Temples have always been under-the-radar purveyors of the neo-psychedelic rock scene, dealing in the same addictive, trippy distortions as fellow contemporaries Tame Impala, albeit in a much more accessible way. Their warped soundscapes, filled to the brim with lush synth hooks and dizzying medley’s, are not intensely austere that you are reduced to simply swaying back and forth in a hazy trance–that’s because Temples, for all their psychedelic notions, still play songs you can really dance to. Rooted heavily in this endeavor is guitarist/lead vocalist James Bagshaw, a man whose tangled Afro of black hair is matched only by the delirium of his enslaving riffs, which burn and glimmer in a series of jangles alongside the heady reverb of their tunes. Songs like “Shelter Song” and “Sun Structures,” which play heavily on the band’s 70’s burdened stylistics, with their jingling tambourines and spiraling electric riffs, had the distinctly middle-age crowd dancing in a drunken glee.
Bagshaw and his group, in their characteristically unique hairdos (somewhere between bowl cuts and mullets) are always a relatively quiet bunch that prefer to let their music do much of the kinetic legwork, while they remain in the background. Their bout at the Teragram was no different, with the exception of Bagshaw who would stand on the edge of the stage and let loose on his large guitar, swinging his curly black locks in head-banging euphoria as he pummeled through the band’s most recent single, “Certainty.” While still a relatively cult favorite and having only one album to their name (at the moment), Temples still manage to draw massively devoted crowds to their live shows that always, always start endless dance parties at their events. From the moment they began playing until they left the stage, Temples had the crowd dazed and crazed for their illustrious psychedelia, tossing out one dreamy dose after another; their music is like bottled lightning, barely restrained and exhilarating, it leaves you glowing in the aftermath of every fuzzed-out finale.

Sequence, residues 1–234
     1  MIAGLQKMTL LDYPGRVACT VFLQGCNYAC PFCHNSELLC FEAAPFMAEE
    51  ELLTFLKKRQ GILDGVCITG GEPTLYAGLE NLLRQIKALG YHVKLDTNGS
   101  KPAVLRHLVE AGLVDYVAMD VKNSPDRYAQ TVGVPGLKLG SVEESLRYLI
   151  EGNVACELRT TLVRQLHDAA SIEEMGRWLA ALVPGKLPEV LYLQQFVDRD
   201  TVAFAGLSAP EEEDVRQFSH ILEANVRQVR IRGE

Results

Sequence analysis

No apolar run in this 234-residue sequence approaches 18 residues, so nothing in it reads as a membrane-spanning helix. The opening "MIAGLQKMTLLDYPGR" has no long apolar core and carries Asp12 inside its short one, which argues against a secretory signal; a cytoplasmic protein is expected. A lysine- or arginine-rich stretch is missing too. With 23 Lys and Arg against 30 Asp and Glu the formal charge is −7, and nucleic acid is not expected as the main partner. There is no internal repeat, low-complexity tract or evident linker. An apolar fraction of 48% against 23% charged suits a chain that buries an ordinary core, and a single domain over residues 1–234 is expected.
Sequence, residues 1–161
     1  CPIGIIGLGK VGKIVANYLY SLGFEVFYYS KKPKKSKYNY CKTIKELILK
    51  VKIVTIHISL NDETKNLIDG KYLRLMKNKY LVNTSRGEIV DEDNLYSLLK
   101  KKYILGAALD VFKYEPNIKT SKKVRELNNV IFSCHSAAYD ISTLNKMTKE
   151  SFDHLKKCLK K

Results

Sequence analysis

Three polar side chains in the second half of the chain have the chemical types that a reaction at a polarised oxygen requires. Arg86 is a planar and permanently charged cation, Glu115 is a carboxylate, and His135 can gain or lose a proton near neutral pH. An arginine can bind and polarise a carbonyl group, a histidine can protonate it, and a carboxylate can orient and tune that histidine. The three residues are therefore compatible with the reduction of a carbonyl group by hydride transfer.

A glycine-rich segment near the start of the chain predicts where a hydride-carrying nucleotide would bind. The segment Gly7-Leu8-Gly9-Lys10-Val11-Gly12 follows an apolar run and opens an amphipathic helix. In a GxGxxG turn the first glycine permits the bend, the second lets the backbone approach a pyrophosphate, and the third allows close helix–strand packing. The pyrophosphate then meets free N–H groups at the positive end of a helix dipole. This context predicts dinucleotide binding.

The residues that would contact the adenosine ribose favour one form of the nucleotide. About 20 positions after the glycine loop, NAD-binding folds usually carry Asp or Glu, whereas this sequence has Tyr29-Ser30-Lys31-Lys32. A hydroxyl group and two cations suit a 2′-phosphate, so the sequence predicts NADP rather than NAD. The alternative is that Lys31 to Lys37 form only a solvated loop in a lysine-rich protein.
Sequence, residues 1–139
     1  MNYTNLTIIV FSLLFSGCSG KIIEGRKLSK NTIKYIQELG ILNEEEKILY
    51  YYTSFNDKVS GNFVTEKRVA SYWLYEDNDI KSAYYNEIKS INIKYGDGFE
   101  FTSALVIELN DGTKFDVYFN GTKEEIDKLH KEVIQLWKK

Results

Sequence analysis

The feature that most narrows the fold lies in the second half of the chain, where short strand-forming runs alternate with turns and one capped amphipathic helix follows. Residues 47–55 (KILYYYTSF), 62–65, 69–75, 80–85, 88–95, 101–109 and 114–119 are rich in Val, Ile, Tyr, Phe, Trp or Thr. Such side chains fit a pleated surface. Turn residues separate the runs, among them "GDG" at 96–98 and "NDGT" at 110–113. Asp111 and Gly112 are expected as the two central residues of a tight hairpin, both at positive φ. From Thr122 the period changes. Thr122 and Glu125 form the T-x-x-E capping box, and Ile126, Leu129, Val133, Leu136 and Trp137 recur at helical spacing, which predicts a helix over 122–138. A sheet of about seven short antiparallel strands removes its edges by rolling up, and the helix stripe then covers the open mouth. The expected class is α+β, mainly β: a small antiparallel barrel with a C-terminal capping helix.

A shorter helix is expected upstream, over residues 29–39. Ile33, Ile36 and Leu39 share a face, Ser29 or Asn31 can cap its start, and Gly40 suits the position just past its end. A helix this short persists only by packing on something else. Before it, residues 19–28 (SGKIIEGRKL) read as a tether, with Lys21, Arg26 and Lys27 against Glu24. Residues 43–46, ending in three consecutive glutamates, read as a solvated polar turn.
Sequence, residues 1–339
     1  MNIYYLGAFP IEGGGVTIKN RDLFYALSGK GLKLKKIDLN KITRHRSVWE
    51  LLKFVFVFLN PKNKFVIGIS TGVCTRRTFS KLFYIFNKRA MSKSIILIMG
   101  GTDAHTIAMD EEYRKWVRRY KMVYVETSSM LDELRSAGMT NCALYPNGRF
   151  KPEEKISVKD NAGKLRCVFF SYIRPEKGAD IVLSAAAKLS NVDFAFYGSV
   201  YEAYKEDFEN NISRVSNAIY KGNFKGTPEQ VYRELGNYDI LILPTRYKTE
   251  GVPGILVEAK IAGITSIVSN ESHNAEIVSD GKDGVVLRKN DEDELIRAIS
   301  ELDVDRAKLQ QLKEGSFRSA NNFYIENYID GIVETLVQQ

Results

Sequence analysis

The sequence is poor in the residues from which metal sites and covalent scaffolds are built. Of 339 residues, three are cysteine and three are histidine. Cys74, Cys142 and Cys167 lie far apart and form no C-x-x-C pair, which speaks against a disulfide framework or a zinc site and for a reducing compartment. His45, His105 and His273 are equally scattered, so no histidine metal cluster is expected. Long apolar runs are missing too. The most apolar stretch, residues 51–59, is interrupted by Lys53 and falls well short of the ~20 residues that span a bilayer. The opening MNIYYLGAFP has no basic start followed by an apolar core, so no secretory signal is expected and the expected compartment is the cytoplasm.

Opening the night were Triptides, who, as their name implies, were apart of the same vein of psychedelic sentiments as Temples. Relying primarily on wave after wave of stretched out lengths of distorted guitar vibrations and synth-oscillated sonics, the trio subdued the crowd in confounding levels of reverb that was dotted with further warped shouts and croons–but as a warm-up, Triptides dutifully prepped the crowd for Temples more pop-infused sound.
Words & Photography: Steven Ward